2b) Assessment tools for genetics, evolution:
Diagnostic Test (6,
open‐ended). Bishop, BA and CW Anderson. 1990.
Student conceptions of natural selection and its role in evolution. Journal of
Research in Science Teaching 27:415‐427.
Inventory of Natural Selection (CINS, 20 questions, Multiple‐choice). Anderson D, Fisher KM, Norman JG.
2002. Development and evaluation of the Conceptual Inventory of Natural
Selection. Journal of Research in Science Teaching 19: 952‐978.
of Evolution Exam (KEE,
10, MC). Cotner S, Brooks DC, Moore R (2010).
Is the age of the earth one of our "sorest troubles?" Students'
perceptions about deep time affect their acceptance of evolutionary theory.
Evolution 64, 858‐864.
Descent Inventory (13
Questions, Multiple‐true/false, ordering). Abraham, J.K., K. E. Perez, J. C.
Herron, N. Downey, E. Meir. 2012. Undergraduate student alternate conceptions
and acceptance of evolutionary theory before and after a short computer‐based
lesson plan. Cell Biology Education: Life Sciences Education 11: 152‐164.
Drift Concept Inventory (GeDI, 22, true‐false). Price, R.M., T.M. Andrews, T.L.
McElhinny, L.S. Mead, J.K. Abraham, A. Thanukos, K.E. Perez. Introducing the
Genetic Drift Inventory: a measure of what undergraduates have mastered about
genetic drift. In review.
Concept Inventory (EvoDevoCI,
11, MC). Perez, K.E., Hiatt, A., G.K. Davis,
C. Trujillo, M. Terry, D.P. French, R.M. Price. The EvoDevoCI: A concept
inventory for gauging students’ understanding of evolutionary developmental
biology. In press, CBE:LSE.
10, MC, Advanced: 10, MC). The Tree‐Thinking Challenge. Baum,
Smith, Donovan Science 310, 979 (2005).
Selection Inventory (6,
open‐ended). Nehm RH, Reilly L (2007). Biology
majors' knowledge and misconceptions of natural selection. Bioscience 57, 263‐272.
of understanding of macroevolution (Mum,
28, 27 MC, 1 open‐ended). Nadelson LS, Southerland SA (2010).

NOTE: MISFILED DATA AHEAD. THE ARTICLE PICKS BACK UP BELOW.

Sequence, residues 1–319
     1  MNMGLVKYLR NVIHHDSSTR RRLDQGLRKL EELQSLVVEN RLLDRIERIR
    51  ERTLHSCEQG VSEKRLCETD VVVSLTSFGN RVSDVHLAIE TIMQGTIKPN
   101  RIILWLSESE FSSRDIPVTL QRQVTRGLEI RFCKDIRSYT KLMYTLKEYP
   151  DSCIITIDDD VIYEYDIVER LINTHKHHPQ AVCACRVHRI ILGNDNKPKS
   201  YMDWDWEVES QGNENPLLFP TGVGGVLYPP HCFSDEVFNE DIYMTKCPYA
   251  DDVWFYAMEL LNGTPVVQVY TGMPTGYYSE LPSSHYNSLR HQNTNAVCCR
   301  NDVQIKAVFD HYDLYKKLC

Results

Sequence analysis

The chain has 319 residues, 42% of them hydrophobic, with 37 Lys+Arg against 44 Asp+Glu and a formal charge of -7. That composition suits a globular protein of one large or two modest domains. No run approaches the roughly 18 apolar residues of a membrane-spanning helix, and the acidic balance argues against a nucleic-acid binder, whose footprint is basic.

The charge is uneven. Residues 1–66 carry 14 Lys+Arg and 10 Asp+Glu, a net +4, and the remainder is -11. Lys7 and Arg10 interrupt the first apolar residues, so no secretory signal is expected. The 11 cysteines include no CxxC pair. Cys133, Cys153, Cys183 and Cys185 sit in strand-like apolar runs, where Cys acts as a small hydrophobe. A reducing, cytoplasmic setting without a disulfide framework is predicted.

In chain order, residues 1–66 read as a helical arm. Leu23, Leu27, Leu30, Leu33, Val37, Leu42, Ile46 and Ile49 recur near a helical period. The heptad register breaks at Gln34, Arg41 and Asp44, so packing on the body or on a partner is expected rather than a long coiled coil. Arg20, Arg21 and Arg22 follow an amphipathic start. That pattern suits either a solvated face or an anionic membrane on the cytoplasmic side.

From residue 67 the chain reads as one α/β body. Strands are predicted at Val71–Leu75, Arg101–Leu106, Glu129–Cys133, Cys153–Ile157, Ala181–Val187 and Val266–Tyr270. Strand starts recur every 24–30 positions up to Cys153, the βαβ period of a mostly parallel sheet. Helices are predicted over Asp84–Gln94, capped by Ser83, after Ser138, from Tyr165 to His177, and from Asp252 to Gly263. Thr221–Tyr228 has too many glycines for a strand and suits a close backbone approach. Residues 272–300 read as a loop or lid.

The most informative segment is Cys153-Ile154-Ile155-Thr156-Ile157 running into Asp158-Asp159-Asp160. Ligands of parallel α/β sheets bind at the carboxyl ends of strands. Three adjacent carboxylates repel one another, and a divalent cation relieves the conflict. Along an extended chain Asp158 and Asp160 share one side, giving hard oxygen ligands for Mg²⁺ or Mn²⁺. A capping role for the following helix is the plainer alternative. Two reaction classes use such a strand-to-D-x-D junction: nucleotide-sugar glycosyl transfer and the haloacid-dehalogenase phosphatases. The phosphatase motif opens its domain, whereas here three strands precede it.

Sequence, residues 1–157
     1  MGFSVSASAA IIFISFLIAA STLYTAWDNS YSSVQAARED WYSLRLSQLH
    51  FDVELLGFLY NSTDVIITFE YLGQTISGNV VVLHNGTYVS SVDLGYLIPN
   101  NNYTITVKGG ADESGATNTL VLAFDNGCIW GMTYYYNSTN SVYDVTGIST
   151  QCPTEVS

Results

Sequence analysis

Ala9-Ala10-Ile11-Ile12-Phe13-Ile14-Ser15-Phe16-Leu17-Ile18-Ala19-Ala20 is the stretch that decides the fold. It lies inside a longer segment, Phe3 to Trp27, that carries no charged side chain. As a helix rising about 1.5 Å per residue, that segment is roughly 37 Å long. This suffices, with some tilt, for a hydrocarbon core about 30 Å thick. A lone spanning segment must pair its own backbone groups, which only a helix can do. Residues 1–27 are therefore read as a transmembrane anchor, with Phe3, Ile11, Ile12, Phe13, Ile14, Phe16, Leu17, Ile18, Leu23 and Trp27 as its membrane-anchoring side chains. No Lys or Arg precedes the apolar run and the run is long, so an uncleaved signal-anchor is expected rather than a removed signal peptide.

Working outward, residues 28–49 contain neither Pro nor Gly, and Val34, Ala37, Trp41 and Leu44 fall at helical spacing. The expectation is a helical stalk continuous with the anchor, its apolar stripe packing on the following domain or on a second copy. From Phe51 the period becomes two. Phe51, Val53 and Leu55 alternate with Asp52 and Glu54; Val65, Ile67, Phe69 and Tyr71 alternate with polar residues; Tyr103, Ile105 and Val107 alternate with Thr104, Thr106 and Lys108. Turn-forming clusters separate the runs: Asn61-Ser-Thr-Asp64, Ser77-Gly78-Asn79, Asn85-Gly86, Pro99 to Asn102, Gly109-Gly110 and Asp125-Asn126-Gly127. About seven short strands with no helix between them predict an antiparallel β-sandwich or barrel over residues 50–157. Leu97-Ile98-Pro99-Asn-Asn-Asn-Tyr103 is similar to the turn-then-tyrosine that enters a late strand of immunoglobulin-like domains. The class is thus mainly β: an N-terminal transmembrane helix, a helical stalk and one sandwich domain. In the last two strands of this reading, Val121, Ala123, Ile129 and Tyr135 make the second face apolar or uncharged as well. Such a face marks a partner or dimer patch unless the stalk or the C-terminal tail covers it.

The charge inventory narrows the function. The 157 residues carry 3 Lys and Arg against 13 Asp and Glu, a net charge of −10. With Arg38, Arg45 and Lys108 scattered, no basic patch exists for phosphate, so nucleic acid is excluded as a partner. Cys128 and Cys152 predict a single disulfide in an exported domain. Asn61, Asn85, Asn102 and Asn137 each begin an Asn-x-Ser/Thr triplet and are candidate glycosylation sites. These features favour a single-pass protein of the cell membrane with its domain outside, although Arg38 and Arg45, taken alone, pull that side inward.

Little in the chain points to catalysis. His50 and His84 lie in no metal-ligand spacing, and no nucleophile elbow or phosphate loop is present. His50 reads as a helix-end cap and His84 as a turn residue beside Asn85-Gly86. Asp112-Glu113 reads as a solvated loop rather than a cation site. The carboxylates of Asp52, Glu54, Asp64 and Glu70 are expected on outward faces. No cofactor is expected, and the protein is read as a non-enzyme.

Development and preliminary evaluation of the measure of understanding of
macroevolution: Introducing the MUM. J Exp Educ 78, 151‐190.
test of Evolutionary Reasoning (CTER,
26 MC, two‐tiered, secondary ed teachers). Palko, P. 2009. The state of high
school biology teachers’ understanding of evolution. Reports of the National
Center for Science Education 29:37‐38.
Concept Assessment (GCA,
25, MC). Smith MK, Wood WB, Knight JK. 2008.
The genetics concept assessment: A new concept inventory for gauging student
understanding of genetics. The American Society for Cell Biology 7: 422‐430.
Literacy Assessment Instrument 2 (GLAI‐2, 31, MC). Bowling BV, Acra EE, Wang L, Myers
MF, Dean GE, Markle GC, Moskalik CL, Huether CA. 2008. Innovations in teaching
and learning genetics: Development and evaluation of a genetics literacy
assessment instrument for undergraduates. Genetics 178:15‐22.
Literacy (13, MC,
2‐tiered). Tsui CY, Treagust D. 2009.
Evaluating Secondary Students’ Scientific Reasoning in Genetics Using a
Two‐Tier Diagnostic Instrument. International Journal of Science Education,
2009, 1‐26, iFirst Article.
of Acceptance of Evolution (MATE,
20, Likert). Rutledge ML, Warden MA (1999). The
development and validation of the measure of acceptance of the theory of
evolution instrument. Sch Sci Math 99, 13‐18.
Acceptance and Literacy Survey (EALS:
104, Likert; EALS Short Form: 62, Likert).
Hawley, PH., Short, SD., McCune,
LA., Osman, MR., Little, TD. 2011. What’s the matter with Kansas?: The
development and confirmation of the evolutionary attitudes and literacy survey
(EALS). Evo Ed Outreach. 4:117‐132.
Short, SD., Hawley, PH. 2012.
Evolutionary attitudes and literacy survey (EALS): Development and validation
of a short form. Evo Ed Outreach.
3) Gaps in (a) Research and (b) Resources (a long narrative or a bulleted list is fine)
4) Ideas for New Collaborations or Ways to Scale/Extend On-going Research
April and Betsy would like to work on a model unit related to crickets, sound, and sex.
All - would like to articulate the value of integrating teaching of ecology, evolution, and genetics in intro biology. We would like to explore student thinking related to the subparts (where are the three topics linked, e.g. allele) and how to integrate them. We want to articulate the consequences of problematic thinking and inability to integrate.
Hypotheses that could be tested based on this assumption that integrating these domains of biology is important:
Students who understand genetics concepts, such as allele, will more successfully construct knowledge of evolution.